By 1920, Milankovtich completed the book he began writing during the World War: Mathematical Theory of Heat Phenomena Produced by Solar Radiation. In this work, Milankovtich set out the mathematical tools he developed by which he calculated and described the amount of solar radiation received planet wide on Mars, Earth and Venus. As mentioned in the introduction to this series of articles, his calculations for Mars and Earth proved accurate. But, because he was unaware of Venus’ dense atmosphere his calculations of Venus’ were not even close — spacecraft probes have measured surface temperatures over 850 degrees Fahrenheit and pressures equal to the pressure 3000 feet underwater. The book received more attention from the public for his Mars’ results than it did from geologists interested in Earth’s Ice Ages because in the first decades of the 20th Century, the popular press was filled with stories about Martians and canals on Mars.
Finally, though, Milankovitch’s book came to the attention of Wladimier Koeppen, the famous German meteorologist. Koeppen’s daughter was married to Alfred Wegner, the famous geologist responsible for the theory of plate tectonics. Koeppen and Wegner were working on a book on past climates when Koeppen came across Milankovitch’s work. The three scientists formed a friendship that lasted until Wegner’s death during an expedition in Greenland in 1930 and that of Keoppen’s in 1940.
Initially, Milankovitch had calculated temperatures back 160,000 years. But with the help and encouragement of Koeppen, Milankovitch calculated temperatures back 650,000 years at 10,000-year intervals, for the latitudes of 55 degrees, 60 degrees, and 65 degrees. It took him three months. The period was chosen because at the time, scientists had discovered 4 periods of glaciation dating back 600,000 years. Science has since discovered more glacial epochs. Here is a copy of the chart showing the four glacial ages then known, and the corresponding to Milankovitch’s predicted solar radiation values by latitude (Figure 1). His calculations predicted additional glacial epochs.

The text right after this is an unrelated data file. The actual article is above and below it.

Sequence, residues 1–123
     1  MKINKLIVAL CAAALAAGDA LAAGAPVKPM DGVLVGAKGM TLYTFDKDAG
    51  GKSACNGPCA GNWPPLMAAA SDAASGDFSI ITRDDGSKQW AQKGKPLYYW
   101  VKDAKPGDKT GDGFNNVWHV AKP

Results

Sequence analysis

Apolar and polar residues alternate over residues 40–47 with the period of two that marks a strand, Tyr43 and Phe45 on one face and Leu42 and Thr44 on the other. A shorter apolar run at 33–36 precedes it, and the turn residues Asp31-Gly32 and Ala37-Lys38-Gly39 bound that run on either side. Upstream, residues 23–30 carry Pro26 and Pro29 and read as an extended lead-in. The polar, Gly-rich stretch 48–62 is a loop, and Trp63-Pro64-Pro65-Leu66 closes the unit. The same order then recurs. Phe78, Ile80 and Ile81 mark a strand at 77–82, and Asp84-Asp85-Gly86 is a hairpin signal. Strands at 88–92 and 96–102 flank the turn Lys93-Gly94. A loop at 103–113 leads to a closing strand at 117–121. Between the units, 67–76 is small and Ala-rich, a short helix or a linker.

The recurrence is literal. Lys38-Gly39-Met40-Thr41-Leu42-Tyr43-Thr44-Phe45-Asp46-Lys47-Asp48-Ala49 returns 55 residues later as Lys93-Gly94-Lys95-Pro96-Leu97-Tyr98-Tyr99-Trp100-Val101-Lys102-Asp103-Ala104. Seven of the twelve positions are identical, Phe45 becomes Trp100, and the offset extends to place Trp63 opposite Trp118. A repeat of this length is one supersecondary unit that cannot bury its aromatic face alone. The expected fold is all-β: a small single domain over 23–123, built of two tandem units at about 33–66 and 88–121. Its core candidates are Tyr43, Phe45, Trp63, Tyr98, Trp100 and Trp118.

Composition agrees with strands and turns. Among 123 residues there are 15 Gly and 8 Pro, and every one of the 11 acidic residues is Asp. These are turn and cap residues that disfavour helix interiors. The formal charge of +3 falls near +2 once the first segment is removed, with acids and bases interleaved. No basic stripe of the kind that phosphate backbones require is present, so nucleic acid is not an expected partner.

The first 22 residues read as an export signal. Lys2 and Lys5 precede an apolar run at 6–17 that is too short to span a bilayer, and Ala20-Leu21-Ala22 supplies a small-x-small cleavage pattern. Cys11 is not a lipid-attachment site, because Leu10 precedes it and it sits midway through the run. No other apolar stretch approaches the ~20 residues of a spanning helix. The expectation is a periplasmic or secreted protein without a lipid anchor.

He continued his work and by 1930, Milankovitch had computed by hand the curves showing the amount of radiation varying over time at eight latitudes from 5 degrees to 75 degrees both north and south of the equator.
Milankovitch, Koepen and Wegner published their results in 1924, and Milankovitch continuing to work on the problem. He published his final work, a compendium of all his writings, in 1941 in occupied Europe: Canon of Insolation and the Ice Age Problem.
The three scientists working together, based upon Milankovitch’s calculations, reached the following conclusions. First, Croll and Adhemar (from part IV of this series) believed it was the amount of snow deposited each winter that was the key factor. But by the late 19th Century, several scientists speculated that it was summer temperatures that were the key. It didn’t matter how much winter snow fell if the summer was sufficiently hot to melt it. Milankovitch, Wegner and Keopen concluded that it was summer, not winter, that was the critical season in the development of a Glacial Age. Glaciers developed when sufficient snow and ice cover carried over from one year to the next. So colder summers meant more accumulation from year to year. And, they believed that since ice sheets first developed and last melted at 65 degrees North Latitude, this is the most sensitive latitude for the onset of a glacial epoch.